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sian, and by Origen, who appears to quote from the liturgy, and his quotations are accordant in meaning and substance with the prayers in the Egyptian liturgies".

The deacon's proclamation to “ arise” is probably alluded to by Cyril. The part of the preface or thanksgiving which speaks of "ten thousand thousand angels,” &c. is perhaps referred to by Origen"; at least, the idea was familiar to him in connection

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* Πολλάκις ἐν ταῖς εὐχαῖς λέγομεν, Θεὲ παντόκρατορ, τὴν με ρίδα ἡμῖν μετὰ τῶν προφητῶν δός. τὴν μερίδα ἡμῖν μετὰ τῶν ἀποστόλων τοῦ Χριστοῦ σοῦ δὸς, ἵνα εὑρεθῶμεν καὶ μετ ̓ αὐτοῦ τοῦ Χριστοῦ. He immediately afterwards amends the expression thus, δός μοι μερίδα μετὰ τῶν προφητῶνδός μοι μερίδα μετὰ τῶν ἀποστόλων. Orig. Hom. xiv. in Jeremiam, (olim xi.) p. 217, 218; tom. iii. ed. Benedict. In the liturgy of Mark we find, Κύριε Θεὲ πάτερ παντόκρατορ, p. 144; and having spoken of πατριαρχῶν, προφητῶν, ἀποστόλων, &c. the liturgy

proceeds thus, δὸς ἡμῖν μερίδα καὶ κλῆρον ἐχεῖν μετὰ πάντων τῶν ἁγίων σου, p. 150. Renaudot. See nearly the same in the liturgy of Cyril, p. 40— 42, probably a little altered and added to after the time of Augustine, who first objected to the primitive custom of praying for the martyrs and saints. Another petition is found in the Alexandrian liturgy, which agrees in sense with Origen's quotation at p. 6 of Basil's Coptic liturgy. See Renaudot,

tom. i.

* ἢ οὐκ αὐτοὶ προστάττουσι διακεκραγότες ἐν ἐκκλησίαις διανιστᾶσιν εἰς προσευχάς ; Cyril. Alex. de Ador. in Spir. et Verit. lib. xiii. p. 454, tom.i.

y Having spoken of the oblations made to the true God and not to dæmons, he adds, εἰ δὲ καὶ πλῆθος ποθοῦμεν ὧν φιλανθρώπων τυγχάνειν θέλομεν, μανθάνομεν ὅτι χίλιαι χιλιάδες παρειστήκεισαν αὐτῷ, καὶ μυρίαι μυριάδες ἐλειτούργουν αὐτῷ· αἵτινες, ὡς συγγενεῖς καὶ φίλους τοὺς μιμουμένους τὴν εἰς Θεὸν αὐτῶν εὐσέβειαν ὁρῶντες, &c. See the whole context. Orig. adv. Celsum, lib. viii. p. 766, tom. i. et Benedict.

with this part of the liturgy. The part of the thanksgiving which speaks of the cherubim covering their faces with their wings on account of the nature of God, is perhaps alluded to by Cyril Alexandrinus", and this mystical explanation is given by other Egyptian Fathers. The deacon's proclamation to "sing" the hymn Tersanctus seems peculiar to the Egyptian liturgy, and we find an allusion to it in the writings of Cyril; in the same place he seems to notice the hymn Tersanctus, which is also alluded to by Origen". The oblation is spoken of by Cyril, Athanasius, and Origen. Theophilus of Alexandria, Isidore of Pelusium, and perhaps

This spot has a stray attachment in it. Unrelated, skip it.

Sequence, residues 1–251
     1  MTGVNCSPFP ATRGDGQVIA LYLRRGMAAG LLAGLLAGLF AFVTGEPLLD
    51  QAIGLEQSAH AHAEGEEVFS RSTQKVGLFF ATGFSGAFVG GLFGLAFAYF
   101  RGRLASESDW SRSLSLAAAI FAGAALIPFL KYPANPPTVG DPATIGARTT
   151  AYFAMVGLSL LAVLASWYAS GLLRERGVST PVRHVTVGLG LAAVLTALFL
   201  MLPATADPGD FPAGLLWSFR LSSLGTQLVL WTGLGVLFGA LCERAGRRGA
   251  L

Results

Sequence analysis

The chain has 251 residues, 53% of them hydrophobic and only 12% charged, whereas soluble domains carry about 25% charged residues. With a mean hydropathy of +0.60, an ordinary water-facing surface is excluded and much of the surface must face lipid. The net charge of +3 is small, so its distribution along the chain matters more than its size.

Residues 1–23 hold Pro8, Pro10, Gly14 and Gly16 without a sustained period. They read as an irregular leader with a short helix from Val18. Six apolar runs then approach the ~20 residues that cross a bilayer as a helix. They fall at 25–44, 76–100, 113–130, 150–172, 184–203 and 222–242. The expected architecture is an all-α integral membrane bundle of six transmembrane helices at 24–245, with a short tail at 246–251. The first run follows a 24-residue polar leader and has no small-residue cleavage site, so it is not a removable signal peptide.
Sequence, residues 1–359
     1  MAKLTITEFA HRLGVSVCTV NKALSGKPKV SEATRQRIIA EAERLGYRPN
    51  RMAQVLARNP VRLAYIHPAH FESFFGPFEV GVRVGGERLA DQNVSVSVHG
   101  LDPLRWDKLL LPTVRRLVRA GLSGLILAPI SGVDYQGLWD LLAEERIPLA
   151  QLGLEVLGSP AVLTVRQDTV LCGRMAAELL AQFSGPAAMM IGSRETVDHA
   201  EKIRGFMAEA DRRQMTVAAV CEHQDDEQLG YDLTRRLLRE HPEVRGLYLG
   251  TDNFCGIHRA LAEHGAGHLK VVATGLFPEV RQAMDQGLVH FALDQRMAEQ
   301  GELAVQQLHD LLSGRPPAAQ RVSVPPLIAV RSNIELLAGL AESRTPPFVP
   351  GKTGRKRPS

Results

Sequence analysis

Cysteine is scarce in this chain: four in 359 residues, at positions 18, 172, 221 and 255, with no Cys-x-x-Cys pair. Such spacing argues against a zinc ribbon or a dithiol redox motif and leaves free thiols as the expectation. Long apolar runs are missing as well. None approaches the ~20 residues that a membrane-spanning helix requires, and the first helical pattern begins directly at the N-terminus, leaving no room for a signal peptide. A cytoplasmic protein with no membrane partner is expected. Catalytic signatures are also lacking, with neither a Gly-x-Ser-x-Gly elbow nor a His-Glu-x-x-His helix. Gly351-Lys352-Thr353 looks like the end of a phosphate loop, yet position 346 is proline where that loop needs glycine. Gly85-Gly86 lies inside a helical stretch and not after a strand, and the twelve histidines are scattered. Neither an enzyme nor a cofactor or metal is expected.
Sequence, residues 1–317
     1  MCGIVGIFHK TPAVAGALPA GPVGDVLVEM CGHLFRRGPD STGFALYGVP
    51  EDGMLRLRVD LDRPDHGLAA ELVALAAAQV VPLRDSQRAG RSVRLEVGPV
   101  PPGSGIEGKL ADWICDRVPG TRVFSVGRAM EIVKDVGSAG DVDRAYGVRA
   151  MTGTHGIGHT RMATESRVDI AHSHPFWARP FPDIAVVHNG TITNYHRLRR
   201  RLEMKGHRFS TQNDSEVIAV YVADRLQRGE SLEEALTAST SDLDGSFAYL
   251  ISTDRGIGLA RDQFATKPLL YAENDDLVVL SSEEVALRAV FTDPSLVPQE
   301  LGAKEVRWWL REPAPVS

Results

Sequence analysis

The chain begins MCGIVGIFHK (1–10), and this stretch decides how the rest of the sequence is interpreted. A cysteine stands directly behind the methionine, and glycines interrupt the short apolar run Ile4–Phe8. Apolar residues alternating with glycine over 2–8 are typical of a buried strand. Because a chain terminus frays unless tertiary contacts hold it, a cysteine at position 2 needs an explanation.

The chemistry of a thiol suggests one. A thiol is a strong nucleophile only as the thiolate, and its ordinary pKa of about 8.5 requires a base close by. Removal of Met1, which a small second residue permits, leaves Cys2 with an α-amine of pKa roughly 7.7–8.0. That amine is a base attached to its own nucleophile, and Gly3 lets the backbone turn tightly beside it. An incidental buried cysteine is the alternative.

Σύμβολον δὲ τὸ, ταῖς πτέ ρυξι κατακαλύπτειν τὰ Σεραφεὶμ τό τε πρόσωπον καὶ τοὺς πόδας, πέτασθαι δὲ ταῖς δυσὶν, τοῦ μὴ δύνασθαί τινας ἢ ἀρχὴν ἢ τέλος ὁρᾷν ἐννοιῶν ἢ λόγων τῶν περὶ Θεοῦ. Cyril. Alex. Com. in Esaiam, lib. i. orat. 4, p. 103, tom. ii.

* The deacon's office he says is to proclaim ποτὲ μὲν, ὑμνολογεῖν ὅτι προσήκει λαοῖς. De Ador. in Spir. et Ver. p. 454, tom. i. This seems to refer to

the forms προσχῶμεν οι "Respondete.” Renaudot, tom. i. p. 65. 29. 101. 516. The hymn alluded to by Cyril was probably the hymn Tersanctus.

Probably alluded to in the words τοὺς μιμουμένους, cited above, from lib. viii. adv. CelFor Christians imitated the angels in singing the hymn Tersanctus.


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Speaking of Origen he accuses him thus : “ Non recogitat panem Dominicum quo Salvatoris corpus ostenditur, et quem frangimus in sanctificationem nostri, et sacrum calicem, quæ in mensa ecclesia, et utique in anima sunt, per invocationem et adventum Sancti Spiritus sanctificari.” Theoph. Alex. Liber Paschal. I.

5 μὴ ὕβριζε τὴν θείαν λειτουργίαν, μὴ ἀτίμαζε τὴν τῶν καρ

Origen", refer to the invocation of the Holy Ghost. The concluding Amen of the people is mentioned by Athanasius', and Dionysius of Alexandria', as the breaking of the bread is by Theophilus Alexandrinus and others.